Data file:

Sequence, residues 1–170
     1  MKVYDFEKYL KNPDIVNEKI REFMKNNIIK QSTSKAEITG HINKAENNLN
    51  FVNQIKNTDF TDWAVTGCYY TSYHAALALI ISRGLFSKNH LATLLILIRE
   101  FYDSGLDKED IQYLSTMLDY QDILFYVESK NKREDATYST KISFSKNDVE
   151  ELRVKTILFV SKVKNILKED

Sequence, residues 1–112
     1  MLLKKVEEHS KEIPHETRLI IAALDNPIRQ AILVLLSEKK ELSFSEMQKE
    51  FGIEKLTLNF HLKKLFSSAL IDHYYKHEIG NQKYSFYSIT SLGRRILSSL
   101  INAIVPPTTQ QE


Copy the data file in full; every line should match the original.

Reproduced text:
Sequence, residues 1–170
     1  MKVYDFEKYL KNPDIVNEKI REFMKNNIIK QSTSKAEITG HINKAENNLN
    51  FVNQIKNTDF TDWAVTGCYY TSYHAALALI ISRGLFSKNH LATLLILIRE
   101  FYDSGLDKED IQYLSTMLDY QDILFYVESK NKREDATYST KISFSKNDVE
   151  ELRVKTILFV SKVKNILKED

Sequence, residues 1–112
     1  MLLKKVEEHS KEIPHETRLI IAALDNPIRQ AILVLLSEKK ELSFSEMQKE
    51  FGIEKLTLNF HLKKLFSSAL IDHYYKHEIG NQKYSFYSIT SLGRRILSSL
   101  INAIVPPTTQ QE